Chronic stress has long been under study by scientists but the most recent findings show that long term stressors, such as poverty or depression, can increase a host of negative behaviors in parenting.
Melissa Sturge-Apple, Ph.D. is publishing the paper in Development and Psychopathology discusses the effects that stress can have on a mother’s body.
“It literally changes the way a mother’s body responds to the normal demands of small children and those changes make it much harder to parent positively.”
Participants in the study were hooked up to an electrocardiograph monitor, which was designed to be an unobtrusive device for the parents to wear during their normal routines. It measured slight changes in heart rhythms and in the production of cortisol, the bodies stress hormone.
Mothers who were under high levels of chronic stress triggers tended to have more negative responses to their children’s needs, responding with higher levels of hostility and angrier tones of voice. The study also indicated that higher stress levels correlated with rougher physical interactions.
There was a difference between reactions by mothers dealing with stressors such as depression versus mothers dealing with external stress inducers such as poverty or high crime neighborhoods. The latter were inflicted with an under active stress reaction and these parents showed the highest levels of disengagement from their children. Even when instructed to play with their children, mothers suffering from these types of chronic stressors were more likely to ignore their kids. Sturge-Apple contributes this response as being due to an over exposure to high stress situations, making their child’s stress call become less imperative.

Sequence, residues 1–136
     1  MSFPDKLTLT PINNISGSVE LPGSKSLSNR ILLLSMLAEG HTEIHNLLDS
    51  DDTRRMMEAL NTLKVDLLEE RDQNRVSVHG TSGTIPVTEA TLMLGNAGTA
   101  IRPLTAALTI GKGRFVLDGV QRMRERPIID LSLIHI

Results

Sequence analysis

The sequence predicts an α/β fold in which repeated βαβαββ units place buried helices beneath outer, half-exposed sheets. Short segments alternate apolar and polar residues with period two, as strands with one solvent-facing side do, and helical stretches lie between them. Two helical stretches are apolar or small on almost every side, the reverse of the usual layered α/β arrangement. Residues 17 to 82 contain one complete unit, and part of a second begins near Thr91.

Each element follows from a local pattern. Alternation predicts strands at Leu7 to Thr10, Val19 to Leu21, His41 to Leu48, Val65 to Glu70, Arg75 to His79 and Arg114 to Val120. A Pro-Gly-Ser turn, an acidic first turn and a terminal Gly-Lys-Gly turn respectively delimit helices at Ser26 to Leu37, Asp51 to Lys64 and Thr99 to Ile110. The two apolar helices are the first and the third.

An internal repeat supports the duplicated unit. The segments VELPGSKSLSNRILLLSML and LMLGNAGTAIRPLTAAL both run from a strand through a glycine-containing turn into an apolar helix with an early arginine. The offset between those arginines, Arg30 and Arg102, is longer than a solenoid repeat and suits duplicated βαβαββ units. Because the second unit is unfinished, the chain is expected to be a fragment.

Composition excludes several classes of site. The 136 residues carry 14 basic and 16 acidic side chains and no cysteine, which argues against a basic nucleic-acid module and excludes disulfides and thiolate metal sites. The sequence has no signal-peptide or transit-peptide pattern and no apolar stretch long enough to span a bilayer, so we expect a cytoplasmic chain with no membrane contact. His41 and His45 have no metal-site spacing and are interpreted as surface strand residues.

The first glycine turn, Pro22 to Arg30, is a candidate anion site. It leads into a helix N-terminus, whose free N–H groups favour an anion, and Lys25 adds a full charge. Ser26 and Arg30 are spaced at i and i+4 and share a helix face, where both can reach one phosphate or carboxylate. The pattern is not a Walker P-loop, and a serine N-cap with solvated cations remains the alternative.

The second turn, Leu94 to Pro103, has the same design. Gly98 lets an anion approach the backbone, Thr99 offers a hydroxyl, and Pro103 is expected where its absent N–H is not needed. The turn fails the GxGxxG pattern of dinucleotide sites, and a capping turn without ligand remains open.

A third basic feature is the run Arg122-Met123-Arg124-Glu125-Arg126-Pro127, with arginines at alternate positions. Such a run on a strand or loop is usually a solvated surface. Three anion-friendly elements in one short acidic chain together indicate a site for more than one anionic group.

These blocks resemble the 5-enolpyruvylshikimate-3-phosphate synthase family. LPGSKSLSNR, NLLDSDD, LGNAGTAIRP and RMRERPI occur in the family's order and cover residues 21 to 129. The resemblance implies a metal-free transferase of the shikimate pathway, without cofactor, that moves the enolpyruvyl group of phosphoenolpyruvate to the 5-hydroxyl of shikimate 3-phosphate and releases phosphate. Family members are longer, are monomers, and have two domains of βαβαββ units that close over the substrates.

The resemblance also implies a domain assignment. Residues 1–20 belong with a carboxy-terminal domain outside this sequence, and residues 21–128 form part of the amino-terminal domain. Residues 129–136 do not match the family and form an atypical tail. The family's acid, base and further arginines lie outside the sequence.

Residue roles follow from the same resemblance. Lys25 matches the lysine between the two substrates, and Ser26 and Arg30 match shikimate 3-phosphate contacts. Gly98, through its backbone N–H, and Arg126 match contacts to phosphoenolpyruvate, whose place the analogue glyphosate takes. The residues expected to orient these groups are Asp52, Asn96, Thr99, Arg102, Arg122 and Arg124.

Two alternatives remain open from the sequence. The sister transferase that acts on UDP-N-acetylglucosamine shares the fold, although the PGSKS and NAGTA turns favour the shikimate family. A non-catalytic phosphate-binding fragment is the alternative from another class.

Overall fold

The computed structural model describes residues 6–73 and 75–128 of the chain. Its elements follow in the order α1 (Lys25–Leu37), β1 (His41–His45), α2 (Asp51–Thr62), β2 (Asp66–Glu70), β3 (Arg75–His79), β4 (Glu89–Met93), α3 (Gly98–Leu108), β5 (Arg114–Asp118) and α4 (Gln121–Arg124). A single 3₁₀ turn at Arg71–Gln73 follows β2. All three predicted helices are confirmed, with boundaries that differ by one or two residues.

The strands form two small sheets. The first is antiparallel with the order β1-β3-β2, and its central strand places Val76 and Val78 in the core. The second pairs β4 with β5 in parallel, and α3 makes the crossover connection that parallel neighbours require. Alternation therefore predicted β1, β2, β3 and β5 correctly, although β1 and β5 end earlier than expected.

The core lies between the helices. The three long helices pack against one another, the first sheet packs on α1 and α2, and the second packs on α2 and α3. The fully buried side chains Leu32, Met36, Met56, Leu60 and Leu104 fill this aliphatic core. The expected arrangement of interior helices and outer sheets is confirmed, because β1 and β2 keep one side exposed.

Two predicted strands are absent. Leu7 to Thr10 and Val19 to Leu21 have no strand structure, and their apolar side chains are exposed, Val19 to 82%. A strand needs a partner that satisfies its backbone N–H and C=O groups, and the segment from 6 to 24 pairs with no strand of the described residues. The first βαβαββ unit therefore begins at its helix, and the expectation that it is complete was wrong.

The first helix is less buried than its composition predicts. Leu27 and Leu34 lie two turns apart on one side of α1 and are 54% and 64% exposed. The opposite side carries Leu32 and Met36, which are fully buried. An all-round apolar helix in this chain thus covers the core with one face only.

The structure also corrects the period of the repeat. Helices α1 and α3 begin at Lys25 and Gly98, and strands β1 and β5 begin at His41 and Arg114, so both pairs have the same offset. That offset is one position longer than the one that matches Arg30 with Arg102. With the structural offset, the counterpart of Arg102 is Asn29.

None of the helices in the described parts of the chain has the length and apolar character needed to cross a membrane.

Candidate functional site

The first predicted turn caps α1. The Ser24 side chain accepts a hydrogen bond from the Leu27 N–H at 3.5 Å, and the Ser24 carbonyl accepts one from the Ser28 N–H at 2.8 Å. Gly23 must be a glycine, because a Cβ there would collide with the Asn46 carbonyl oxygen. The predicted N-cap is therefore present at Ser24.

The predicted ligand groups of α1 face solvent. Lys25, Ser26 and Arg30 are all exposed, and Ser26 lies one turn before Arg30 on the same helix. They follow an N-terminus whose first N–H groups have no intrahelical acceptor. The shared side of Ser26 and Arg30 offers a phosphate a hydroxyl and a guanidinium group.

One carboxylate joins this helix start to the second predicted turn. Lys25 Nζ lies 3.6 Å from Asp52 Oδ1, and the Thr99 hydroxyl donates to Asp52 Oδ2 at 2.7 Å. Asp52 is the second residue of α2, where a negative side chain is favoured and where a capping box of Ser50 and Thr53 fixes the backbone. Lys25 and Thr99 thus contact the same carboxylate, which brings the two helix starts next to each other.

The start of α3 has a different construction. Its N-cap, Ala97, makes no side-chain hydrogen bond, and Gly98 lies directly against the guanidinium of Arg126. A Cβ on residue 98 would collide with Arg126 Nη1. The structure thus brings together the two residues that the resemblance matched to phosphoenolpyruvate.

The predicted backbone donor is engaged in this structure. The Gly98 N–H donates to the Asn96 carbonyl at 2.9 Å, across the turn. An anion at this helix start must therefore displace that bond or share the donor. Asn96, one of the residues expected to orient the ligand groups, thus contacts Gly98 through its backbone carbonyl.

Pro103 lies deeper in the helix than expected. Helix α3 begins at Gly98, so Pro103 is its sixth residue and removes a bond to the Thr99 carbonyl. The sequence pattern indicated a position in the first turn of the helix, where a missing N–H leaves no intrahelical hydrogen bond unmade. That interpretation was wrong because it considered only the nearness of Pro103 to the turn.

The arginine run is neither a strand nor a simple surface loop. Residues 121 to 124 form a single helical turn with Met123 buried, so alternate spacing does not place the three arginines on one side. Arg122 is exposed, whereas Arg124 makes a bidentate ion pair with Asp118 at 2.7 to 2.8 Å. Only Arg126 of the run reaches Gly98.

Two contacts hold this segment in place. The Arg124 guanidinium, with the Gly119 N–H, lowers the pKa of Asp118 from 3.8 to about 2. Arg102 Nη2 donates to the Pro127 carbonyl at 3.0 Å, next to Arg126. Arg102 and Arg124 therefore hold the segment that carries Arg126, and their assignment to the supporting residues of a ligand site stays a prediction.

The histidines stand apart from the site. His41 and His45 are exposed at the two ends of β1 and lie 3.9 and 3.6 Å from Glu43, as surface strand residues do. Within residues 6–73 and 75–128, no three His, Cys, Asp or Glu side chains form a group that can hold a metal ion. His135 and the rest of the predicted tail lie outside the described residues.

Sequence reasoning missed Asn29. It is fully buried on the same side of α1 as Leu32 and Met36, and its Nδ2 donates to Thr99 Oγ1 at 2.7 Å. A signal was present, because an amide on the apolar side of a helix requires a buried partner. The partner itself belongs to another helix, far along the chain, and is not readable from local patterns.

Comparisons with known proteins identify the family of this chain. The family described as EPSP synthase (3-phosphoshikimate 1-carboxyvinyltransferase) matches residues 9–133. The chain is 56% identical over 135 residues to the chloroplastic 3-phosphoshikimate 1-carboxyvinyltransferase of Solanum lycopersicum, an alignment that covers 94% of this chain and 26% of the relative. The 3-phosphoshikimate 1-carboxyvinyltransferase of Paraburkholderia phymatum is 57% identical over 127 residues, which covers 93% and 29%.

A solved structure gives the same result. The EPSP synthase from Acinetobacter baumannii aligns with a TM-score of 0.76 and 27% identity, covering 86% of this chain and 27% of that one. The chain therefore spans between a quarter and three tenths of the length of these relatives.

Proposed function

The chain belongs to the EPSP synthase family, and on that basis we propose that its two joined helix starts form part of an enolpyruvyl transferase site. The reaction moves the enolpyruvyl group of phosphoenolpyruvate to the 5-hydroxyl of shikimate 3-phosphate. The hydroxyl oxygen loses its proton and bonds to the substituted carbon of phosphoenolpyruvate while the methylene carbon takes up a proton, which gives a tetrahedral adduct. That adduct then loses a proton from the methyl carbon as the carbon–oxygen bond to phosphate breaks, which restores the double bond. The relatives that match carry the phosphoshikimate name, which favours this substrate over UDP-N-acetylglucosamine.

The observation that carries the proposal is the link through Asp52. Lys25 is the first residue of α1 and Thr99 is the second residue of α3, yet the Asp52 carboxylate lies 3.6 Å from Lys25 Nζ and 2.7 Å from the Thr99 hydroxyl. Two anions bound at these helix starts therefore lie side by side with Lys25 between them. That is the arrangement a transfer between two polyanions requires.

The study followed 153 mothers with children between 17 and 19 months of age during two-hour sessions. It will be published in November.
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